Last week, I finally registered for the Twin Cities In Motion Valentine’s Day 5k, which will be my first race in almost a year. I’m excited, but more so really nervous. Anxiety always likes to greet me before any type of test, whether it be a workout or a midterm.
I have ran this course once before, a couple years ago, but it was sort of miserable. My best friend was supposed to race with me but cancelled the morning of, due to the subzero temperature. In other words, I ended up running around a frozen and extremely windy Lake Harriet, on one of the coldest days of the year, surrounded by couples in a bunch cute couple-y outfits.
Needless to say, I listened to Sam Smith for the duration of the race, and glared at the people passing me, holding hands while running. It’s just not good form.
This year, though, is different (which, I know, is everyone’s catchphrase in January). Sure, I’m boo’ed up now and a solid thirty pounds heavier. But more so, I am equipped to run all 5000 meters all by myself, headstrong and positive, with my eyes laser beaming toward the finish line.
For those of you not keen on the metric system, 5000 meters is roughly three miles, and each is a problem.
Problem 7: The First Mile
I’m not sure how it started, but all the sudden we were single-file lined up on the way to the scale.
Along the pale yellow brick wall, the twenty of us fifth-graders leaned against the chilly mixture of colored clay, sand and concrete. Mister Marx, our gym teacher, freshened his breath with mouth-spray before he addressed the class, signature silver whistle dangling from his neck, Welcome children, to The Presidential Fitness Test.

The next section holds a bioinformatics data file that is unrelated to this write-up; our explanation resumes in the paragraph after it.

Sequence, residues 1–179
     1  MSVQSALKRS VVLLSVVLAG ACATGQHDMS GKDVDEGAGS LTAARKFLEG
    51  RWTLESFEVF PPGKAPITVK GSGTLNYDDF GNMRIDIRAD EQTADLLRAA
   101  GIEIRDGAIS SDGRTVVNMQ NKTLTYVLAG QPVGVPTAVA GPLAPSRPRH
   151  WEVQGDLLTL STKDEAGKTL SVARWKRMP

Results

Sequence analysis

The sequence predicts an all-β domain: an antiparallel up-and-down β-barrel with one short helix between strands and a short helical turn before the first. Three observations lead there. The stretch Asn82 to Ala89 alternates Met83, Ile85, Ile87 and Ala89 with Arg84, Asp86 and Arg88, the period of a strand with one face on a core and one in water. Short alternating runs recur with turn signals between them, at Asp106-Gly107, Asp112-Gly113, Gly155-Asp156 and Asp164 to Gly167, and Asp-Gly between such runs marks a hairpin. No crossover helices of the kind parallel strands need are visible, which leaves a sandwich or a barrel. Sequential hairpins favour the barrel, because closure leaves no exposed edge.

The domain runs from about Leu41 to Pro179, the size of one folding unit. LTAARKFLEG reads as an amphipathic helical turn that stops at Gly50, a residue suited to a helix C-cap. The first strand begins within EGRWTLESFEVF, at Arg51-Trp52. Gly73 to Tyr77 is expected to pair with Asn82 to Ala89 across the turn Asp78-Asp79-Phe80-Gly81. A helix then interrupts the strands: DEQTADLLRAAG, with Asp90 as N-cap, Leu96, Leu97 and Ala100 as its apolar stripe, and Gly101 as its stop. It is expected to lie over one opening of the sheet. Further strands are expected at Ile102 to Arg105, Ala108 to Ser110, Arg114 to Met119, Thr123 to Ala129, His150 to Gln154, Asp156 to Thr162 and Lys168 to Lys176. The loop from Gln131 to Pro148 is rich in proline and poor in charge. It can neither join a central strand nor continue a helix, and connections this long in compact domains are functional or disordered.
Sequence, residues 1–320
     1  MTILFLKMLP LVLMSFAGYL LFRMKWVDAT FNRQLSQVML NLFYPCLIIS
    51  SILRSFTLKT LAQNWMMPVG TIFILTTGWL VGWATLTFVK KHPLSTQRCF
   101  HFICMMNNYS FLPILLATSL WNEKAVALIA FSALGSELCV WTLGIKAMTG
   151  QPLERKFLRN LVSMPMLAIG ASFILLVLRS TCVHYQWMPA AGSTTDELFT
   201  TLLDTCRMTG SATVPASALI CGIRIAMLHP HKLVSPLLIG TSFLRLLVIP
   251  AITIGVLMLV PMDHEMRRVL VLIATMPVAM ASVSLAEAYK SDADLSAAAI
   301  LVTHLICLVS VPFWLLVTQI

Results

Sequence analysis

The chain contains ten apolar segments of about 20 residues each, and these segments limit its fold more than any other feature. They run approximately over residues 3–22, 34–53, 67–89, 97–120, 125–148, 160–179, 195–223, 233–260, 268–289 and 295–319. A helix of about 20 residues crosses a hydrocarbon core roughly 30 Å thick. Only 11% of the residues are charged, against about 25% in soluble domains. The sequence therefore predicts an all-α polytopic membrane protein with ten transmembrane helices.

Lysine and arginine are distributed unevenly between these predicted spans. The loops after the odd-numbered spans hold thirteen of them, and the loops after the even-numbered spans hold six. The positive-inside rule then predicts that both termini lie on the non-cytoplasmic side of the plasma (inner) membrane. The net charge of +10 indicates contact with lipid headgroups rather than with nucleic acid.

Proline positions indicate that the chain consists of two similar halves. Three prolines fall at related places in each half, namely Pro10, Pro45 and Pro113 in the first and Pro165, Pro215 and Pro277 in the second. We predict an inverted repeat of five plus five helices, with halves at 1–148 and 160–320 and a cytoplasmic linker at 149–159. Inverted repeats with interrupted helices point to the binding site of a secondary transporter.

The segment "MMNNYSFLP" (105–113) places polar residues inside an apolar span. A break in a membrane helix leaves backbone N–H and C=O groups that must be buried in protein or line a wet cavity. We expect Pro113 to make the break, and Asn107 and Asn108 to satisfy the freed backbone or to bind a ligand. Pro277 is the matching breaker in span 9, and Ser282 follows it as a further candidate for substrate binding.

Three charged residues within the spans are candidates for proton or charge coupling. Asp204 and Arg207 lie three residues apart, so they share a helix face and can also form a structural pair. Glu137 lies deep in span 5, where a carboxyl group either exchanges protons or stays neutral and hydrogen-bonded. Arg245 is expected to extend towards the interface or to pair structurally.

The way I remember it, he spoke to the class as if he was welcoming us to day one of military boot camp. And for a chunky gay preteen like me, he might as well have.
The Presidential Fitness Test, for anyone that is blessed enough to be ignorant of it, was basically the stereotypical physical education experience that you see in movies. Every day for a week, we got measured in quantifiable ways to gauge our, you guessed it, fitness, as well as being measured for height and weight in front of the entire class (holler to all the other people who found out they were under five feet and over one-hundred pounds, in front of all of your adolescent peers).
Other metrics included, but were not limited to: the pull-up test, the duration of time you could hang with your chin over that same bar, and the distance your fingertips stretched past your toes while stretching and sitting down. Spoiler alert: I scored a 0.01, 0, and another big 0 because you couldn’t write down negative numbers.